I spent Saturday at the National Archives in Kew, taking a look at, among other things, Arnold Bennett’s activities when in charge of British propaganda to France in 1917-1918. Bennett’s notes and memos are rather impressive – crisp, sensible and decisive – as he deals with a multitude of issues.
Category Archives: novels
I’ve just blogged on the Reading 1900-1950 site a review of The Whicharts (1931), Noel Streatfeild’s first novel (and a prototype, grown-up and slightly seedy version of Ballet Shoes). here I’ll just add a couple of notes about Streatfeild’s mentions of the Great War in this book.
I’m reading Ernest Raymond’s The Jesting Army (1930). The army is near Gilban (in Egypt), heading towards the Battle of Romani (August 1916). The soldiers are singing: …certainly not Tipperary, which had been discarded immediately the newspapers made it into the Soldiers’ Song [….] but in high chorus they invited someone to wash them […]
The two writers I’ve been thinking about this year are Rudyard Kipling and Arnold Bennett. So I was delighted to come across a BBC web feature that links the two. It’s about Lake Rudyard, a popular beauty spot in the Potteries, and if you like Bennett’s novels you’ll enjoy the photos of pleasure seekers who […]
I’ve read some good articles over the years about the reading habits of soldiers in France, and the literature supplied to them. What I hadn’t considered much before was what they were discouraged from reading. Here’s Arnold Bennett, writing in February 1919, about the committee who ran the Camps Library, and made sure it did […]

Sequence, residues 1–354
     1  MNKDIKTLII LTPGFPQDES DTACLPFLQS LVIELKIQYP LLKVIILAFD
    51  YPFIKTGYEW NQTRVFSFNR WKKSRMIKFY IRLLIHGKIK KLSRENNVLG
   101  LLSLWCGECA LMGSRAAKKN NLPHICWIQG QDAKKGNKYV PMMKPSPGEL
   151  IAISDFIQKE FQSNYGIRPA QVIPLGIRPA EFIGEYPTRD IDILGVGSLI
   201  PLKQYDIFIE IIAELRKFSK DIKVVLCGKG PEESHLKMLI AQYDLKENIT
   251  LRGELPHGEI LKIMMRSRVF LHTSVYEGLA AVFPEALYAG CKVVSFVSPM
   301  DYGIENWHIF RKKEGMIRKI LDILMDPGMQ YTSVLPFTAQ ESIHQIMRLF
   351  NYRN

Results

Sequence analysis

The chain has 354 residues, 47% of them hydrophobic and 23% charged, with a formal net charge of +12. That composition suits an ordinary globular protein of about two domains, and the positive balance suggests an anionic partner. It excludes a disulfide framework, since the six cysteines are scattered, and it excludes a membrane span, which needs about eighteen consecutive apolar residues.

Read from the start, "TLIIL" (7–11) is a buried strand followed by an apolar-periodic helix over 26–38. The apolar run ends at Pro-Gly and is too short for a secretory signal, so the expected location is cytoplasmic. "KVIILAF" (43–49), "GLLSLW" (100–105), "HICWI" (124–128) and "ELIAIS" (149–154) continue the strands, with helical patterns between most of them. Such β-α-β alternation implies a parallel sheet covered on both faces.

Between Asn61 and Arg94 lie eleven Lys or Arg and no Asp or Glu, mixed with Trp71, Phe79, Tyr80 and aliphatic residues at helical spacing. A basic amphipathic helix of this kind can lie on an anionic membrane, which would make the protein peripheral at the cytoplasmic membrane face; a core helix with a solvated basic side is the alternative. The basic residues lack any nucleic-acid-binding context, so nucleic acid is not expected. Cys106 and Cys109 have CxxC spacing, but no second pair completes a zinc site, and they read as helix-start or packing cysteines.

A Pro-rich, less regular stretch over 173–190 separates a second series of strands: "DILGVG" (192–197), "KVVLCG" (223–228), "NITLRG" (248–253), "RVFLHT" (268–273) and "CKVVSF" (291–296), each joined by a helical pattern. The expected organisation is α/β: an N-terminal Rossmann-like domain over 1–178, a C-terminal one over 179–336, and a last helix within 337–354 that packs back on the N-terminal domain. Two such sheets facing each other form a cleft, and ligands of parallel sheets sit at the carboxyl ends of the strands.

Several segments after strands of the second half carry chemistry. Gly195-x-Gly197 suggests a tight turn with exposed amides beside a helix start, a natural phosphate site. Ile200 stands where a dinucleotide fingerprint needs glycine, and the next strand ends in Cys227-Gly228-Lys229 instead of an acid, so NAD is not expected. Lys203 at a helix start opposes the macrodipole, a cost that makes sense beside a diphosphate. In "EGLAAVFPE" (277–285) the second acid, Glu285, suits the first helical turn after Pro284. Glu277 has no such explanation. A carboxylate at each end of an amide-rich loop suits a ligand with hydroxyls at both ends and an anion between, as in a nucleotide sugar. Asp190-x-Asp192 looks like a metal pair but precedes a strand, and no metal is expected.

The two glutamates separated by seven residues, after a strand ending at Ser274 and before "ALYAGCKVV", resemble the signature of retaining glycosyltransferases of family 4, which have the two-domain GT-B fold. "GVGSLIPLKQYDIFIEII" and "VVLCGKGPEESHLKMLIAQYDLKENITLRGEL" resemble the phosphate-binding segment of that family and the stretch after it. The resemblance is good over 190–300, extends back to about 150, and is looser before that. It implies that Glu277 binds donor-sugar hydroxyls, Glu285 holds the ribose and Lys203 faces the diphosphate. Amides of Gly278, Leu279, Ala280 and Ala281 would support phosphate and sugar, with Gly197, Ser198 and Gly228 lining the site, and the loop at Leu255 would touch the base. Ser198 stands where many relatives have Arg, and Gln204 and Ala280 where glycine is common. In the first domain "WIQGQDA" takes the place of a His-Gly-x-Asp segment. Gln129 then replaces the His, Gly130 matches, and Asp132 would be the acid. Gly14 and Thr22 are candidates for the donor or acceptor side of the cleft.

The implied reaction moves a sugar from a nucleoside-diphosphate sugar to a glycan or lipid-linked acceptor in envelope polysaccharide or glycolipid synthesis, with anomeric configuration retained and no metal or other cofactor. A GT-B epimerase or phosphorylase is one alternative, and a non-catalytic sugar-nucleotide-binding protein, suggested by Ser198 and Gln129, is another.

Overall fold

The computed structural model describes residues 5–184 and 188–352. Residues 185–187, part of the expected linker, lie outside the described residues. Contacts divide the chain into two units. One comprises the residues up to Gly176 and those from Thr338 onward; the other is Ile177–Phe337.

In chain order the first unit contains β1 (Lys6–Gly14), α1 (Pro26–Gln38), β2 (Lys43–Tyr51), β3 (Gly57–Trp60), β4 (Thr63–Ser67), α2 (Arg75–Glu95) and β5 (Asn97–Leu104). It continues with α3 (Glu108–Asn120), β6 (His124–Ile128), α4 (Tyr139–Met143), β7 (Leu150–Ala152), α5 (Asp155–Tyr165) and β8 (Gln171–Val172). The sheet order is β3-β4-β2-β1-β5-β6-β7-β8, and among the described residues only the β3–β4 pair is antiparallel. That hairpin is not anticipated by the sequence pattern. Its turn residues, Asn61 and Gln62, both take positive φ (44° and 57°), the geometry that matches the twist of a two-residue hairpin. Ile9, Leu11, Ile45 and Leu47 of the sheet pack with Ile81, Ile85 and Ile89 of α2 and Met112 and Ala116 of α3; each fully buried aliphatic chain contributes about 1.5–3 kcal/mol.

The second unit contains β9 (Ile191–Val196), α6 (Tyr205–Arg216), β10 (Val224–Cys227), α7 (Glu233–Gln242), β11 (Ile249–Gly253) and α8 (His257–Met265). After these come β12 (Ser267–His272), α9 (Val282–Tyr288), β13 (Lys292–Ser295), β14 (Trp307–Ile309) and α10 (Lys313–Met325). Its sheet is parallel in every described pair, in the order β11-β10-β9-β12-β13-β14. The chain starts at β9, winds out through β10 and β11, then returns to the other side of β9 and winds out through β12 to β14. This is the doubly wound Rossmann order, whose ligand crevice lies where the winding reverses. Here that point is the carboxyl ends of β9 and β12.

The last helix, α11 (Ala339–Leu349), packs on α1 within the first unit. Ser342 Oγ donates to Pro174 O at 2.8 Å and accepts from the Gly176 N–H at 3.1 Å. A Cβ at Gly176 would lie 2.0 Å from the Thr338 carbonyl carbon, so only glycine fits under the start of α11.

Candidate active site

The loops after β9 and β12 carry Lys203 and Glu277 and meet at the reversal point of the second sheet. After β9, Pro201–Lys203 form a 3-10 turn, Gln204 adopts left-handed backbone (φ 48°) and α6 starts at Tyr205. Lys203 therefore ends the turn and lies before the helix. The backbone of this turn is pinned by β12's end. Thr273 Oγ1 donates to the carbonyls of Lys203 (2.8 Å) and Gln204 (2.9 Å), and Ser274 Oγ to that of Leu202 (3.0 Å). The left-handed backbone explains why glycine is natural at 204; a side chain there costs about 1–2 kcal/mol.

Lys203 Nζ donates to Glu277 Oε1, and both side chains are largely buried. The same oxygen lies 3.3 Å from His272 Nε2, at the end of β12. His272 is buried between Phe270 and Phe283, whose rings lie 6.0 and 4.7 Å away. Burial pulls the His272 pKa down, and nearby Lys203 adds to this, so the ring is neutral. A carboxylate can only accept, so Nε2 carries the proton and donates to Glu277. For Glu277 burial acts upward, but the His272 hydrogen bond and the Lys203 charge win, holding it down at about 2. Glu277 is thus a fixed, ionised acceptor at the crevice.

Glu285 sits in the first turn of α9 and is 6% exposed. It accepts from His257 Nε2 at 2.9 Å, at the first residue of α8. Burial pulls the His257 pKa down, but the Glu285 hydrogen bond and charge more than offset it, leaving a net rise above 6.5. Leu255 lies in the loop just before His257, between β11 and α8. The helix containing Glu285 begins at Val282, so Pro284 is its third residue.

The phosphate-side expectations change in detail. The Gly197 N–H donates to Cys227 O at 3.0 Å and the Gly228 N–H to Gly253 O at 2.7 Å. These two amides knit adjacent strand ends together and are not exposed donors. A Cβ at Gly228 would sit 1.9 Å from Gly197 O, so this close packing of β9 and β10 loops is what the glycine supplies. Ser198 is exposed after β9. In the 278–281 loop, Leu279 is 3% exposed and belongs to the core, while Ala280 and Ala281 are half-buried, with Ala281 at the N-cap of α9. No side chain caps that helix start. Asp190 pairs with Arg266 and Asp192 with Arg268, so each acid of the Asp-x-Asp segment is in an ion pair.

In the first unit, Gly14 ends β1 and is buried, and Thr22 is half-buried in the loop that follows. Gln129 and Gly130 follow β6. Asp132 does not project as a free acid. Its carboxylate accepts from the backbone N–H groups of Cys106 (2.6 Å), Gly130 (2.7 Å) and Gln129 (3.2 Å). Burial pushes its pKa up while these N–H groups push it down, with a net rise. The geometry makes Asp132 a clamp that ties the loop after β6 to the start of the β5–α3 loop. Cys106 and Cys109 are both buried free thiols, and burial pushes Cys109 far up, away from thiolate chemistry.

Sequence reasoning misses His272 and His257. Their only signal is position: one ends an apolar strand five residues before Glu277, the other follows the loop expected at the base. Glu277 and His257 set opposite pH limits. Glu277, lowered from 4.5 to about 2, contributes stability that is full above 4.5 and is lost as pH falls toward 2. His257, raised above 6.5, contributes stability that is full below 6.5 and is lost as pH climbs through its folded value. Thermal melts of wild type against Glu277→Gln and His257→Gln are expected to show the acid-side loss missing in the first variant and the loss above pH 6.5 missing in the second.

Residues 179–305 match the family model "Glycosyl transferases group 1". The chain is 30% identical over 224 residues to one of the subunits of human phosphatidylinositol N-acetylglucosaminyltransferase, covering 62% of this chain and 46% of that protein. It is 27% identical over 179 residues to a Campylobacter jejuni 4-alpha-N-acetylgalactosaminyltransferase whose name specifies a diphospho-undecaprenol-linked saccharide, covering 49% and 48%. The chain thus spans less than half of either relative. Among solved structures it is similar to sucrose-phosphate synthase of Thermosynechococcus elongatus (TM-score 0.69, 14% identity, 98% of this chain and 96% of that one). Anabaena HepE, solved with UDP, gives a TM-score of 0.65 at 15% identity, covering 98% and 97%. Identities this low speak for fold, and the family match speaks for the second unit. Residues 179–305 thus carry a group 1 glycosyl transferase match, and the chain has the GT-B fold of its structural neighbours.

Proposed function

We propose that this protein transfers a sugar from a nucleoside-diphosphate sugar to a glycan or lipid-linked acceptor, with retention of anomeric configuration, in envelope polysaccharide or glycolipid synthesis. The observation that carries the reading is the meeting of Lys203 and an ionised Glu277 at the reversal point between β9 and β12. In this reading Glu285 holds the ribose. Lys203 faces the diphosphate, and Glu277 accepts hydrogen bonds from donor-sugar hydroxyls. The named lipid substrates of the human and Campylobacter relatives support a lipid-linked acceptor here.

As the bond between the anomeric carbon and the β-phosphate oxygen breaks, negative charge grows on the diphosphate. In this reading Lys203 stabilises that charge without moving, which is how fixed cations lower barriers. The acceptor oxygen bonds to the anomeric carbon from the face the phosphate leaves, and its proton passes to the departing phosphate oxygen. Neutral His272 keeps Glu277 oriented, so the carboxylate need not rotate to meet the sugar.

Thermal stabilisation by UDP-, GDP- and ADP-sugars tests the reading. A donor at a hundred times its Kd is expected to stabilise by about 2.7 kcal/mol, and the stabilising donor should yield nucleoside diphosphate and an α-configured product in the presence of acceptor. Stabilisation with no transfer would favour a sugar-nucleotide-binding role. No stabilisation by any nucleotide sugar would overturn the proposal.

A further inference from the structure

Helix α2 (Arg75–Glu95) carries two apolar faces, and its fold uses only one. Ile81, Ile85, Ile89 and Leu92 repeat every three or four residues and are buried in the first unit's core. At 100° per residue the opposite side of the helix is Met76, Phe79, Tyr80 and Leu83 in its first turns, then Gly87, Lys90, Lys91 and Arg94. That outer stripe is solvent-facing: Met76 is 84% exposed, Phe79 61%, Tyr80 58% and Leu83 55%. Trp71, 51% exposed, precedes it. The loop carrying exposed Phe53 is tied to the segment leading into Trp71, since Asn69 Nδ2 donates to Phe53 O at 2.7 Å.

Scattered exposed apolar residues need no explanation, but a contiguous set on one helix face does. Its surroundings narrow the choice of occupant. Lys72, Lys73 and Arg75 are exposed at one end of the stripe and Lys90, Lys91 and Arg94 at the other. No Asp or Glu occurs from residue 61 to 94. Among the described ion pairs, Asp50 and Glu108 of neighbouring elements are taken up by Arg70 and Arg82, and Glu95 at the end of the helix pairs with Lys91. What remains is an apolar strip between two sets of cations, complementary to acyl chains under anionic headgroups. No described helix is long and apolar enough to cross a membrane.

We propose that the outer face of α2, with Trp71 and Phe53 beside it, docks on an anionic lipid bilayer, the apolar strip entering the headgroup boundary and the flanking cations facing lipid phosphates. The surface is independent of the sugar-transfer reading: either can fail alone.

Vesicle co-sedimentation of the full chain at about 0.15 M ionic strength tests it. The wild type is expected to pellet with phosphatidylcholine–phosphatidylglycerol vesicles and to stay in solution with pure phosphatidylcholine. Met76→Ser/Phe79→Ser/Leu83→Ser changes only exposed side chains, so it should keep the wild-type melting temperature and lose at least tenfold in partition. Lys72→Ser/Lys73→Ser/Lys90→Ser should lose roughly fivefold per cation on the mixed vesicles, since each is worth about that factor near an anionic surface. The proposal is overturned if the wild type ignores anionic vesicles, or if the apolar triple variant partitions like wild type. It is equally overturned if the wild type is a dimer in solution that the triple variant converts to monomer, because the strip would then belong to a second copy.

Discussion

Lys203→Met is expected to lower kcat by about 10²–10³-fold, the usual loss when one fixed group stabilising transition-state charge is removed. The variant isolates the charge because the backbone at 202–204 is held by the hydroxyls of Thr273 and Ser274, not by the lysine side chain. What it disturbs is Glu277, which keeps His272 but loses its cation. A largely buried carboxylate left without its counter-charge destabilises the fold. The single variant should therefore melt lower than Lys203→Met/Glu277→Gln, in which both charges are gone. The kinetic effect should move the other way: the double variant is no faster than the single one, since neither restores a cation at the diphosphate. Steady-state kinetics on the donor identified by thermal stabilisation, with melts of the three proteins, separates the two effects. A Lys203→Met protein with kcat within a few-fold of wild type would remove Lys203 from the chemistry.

A while ago I wrote here about Galsworthy’s eighth Forsyte novel, Flowering Wilderness (1932). That is the book in which the disillusioned war poet Wilfred Desert has just returned from Darfur, in the Sudan, where he had been kidnapped by fanatical followers of the Mahdi, and told he must convert to Islam, on pain of […]
Mike Ashley knows his fiction magazines; he is, after all, the author of The Age of the Storytellers, that invaluable resource for anyone interested in popular fiction between 1890 and 1940. Adventures in the Strand is his new book; it examines the long (1891-1930) relationship between the Strand Magazine and Sir Arthur Conan Doyle, its […]
This is one of the carvings on the war memorial at Sledmere in north-east Yorkshire. It’s the only memorial I’ve come across that shows a scene like this – an unpleasant-looking German soldier deliberately setting fire to a church.
I’m always nosey about other people’s bookshelves, so was interested when the BBC News website featured a story about the books that Ernest Shackleton took with him to the Antarctic on the expedition that left England in August 1914. This photo (by Frank Hurley) shows Shackleton’s cabin on the Endurance. Some people at the Royal […]
Yesterday I bought a new copy of Debits and Credits. My previous copy has been read to bits. It is an American (Doubleday, page & Co.) first edition of 1926, picked up somewhere by my father during his seafaring years. Its cover is stamped with a rather attractive picture of an ancient ship, which I […]